Lucid Culture


Susan McKeown’s Darkly Inspiring New Album

Sad music isn’t depressing – on the contrary, it’s just the opposite. That’s why it’s so popular. This is one sad album – and a very ambitious one. On Singing in the Dark, Irish/American singer Susan McKeown has taken a series of poems dealing with death, depression and madness from over the centuries and set them to music, along with a choice cover of Leonard Cohen’s Anthem that offers just a glimmer of a respite. She sings them clearly and directly, with a tinge of a brittle vibrato which fits these lyrics well – she goes in with both eyes open but not quite steady, and at its best the effect is nothing short of chilling. Among Americana singers, Kelli Rae Powell comes to mind.

Over darkly reverb-drenched, Richard Thompson-esque electric rock, McKeown takes Anne Sexton’s A Woman Like That (Her Kind) and uses it to transpose the archetype of a witch to the present day, “a woman that is not a woman” ostracized for her sadness and unafraid to die for it. A Gwendolyn Brooks poem, That Crazy Woman is set to a swinging 6/8 piano melody: “I’ll wait until November, that is the time for me,” McKeown sings with a quiet defiance, and a nod to Nina Simone. Renaissance poet John Dowland’s death-obsessed In Darkness Let Me Dwell gets a subdued, Andalusian-flavored treatment, while 19th century Irish poet James Clarence Mangan’s The Nameless One, one of several suicide songs here, gets a low-key, acoustic folk arrangement.

The most ambitious track here is The Crack in the Stairs, Nuala Ní Dhomhnaill’s vividly imagistic depiction of clinical depression set to an minimalist, atonal piano melody by contemporary Irish composer Elaine Agnew, taking on a macabre music-box touch as McKeown chronicles the dust on the furniture and the piano hidden beneath a lock rusted shut. Richard and Linda Thompson again come to mind on Mad Sweeney, a brooding rock arrangement of a traditional song about a king whose madness literally returns him to a state of nature, and also on Welsh poet Gwyneth Lewis’s Angel of Depression. McKeown wrings every drop of pain she can muster out of the chorus: “Oh yes, I’m broken, but my limp is the best part of me…and the way I hurt,” guitar limping along to drive the point home. There’s also the evocative, jazz-tinged smalltown death vignette Good Old World Blues, an Elis Regine-inspired version of Violetta Parra’s bitter, sarcastic Gracias a la Vida and an understatedly gloomy take of the traditional Irish song So We’ll Go No More A-Roving to wind up the album. Susan McKeown plays Highline Ballroom on January 15.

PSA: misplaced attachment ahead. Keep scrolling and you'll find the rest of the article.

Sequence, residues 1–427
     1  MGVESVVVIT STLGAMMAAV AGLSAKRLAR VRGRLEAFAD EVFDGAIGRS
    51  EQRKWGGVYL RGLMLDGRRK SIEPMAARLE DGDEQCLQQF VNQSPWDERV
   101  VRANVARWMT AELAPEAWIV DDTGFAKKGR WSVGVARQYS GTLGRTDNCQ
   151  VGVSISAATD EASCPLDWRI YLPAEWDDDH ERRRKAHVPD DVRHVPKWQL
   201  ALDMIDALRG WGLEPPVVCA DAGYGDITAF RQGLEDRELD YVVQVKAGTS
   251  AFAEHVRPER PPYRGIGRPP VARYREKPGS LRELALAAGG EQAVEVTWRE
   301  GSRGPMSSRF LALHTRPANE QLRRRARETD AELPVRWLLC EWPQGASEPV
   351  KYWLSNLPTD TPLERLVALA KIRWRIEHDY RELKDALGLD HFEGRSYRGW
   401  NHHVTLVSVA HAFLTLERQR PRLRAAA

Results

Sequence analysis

December 7, 2010 Posted by | folk music, Music, music, concert, review, Reviews, rock music | , , , , , , , , , , , , , , , , , , , , , , , , , , , , , , , , , , , , , , , , , , | Leave a comment

Isabelle O’Connell’s Dark, Deep Reservoir

Irish pianist Isabelle O’Connell’s new album Reservoir is compelling collection of dark, serious solo pieces by contemporary composers from her native land. It’s a mix of the deceptively simple and the rigorously difficult, performed with a grace and dignity that does justice to the intensity of the compositions. The title track, by Donnacha Dennehy, is particularly gripping. With its incessant quarter-note insistence and interlocking astringent chords, it’s evocative of Louis Andriessen and it’s also obviously very difficult to hold on a steady course. O’Connell meets the challenge with a steely resolve. Big, by Ian Wilson, is a smallscale partita with distant echoes of Brahms, moving from a big chordal introduction to scurrying righthand against an incisive staccato, finally winding out on a hypnotic circular phrase. O’Connell follows that with Jane O’Leary’s aptly titled miniature Forgotten Worlds and its terse, rippling glimmer. Seoirse Bodley’s The Narrow Road to the Deep North, a spacious narrative, grows from austerely rustic to more lively as the journey through the brush finally reaches its destination.

John Buckley’s Three Preludes gleam with a bracing disquiet, the first a series of methodically paced, off-center arpeggios; the second, an eerie, chromatically-charged waltz; the third more stately and Chopinesque. Three pieces (nos. 10, 11 and 13) from The Klippel Collection by Brian Irvine offer both satirical and straightforwardly Romantically tinged melody as well as a deliciously Satie-esque prelude of sorts. And Philip Martin’s Along the Flaggy Shore is desolately creepy, a spaciously wintry scene that ends with a single note of vocalese – a ghost, maybe?

There’s also some humor here as well. Elaine Agnew’s Seagull is a playful yet dignified salute to the shorebird – it stops and starts but also gazes out to sea with a wistful poignancy, then takes a briskly tense, perfectly executed walk up and down the beach. And Jennifer Walshe’s Becher is a genuinely hilarious pastiche of dozens of famous intros and outros from Beethoven, Scott Joplin, the Verve, Chopin, and perhaps most amusingly, Grieg, who really gets a sendup here as one of his most famous motifs gets sent up the scale and morphs into the Beatles. O’Connell plays the segues absolutely deadpan and absolutely tight – it’s impossible to resist pausing and then rewinding because the jokes are flying by so fast.

December 1, 2010 Posted by | avant garde music, classical music, Music, music, concert, review, Reviews | , , , , , , , , , , , , , , , , , , , , , , , | Leave a comment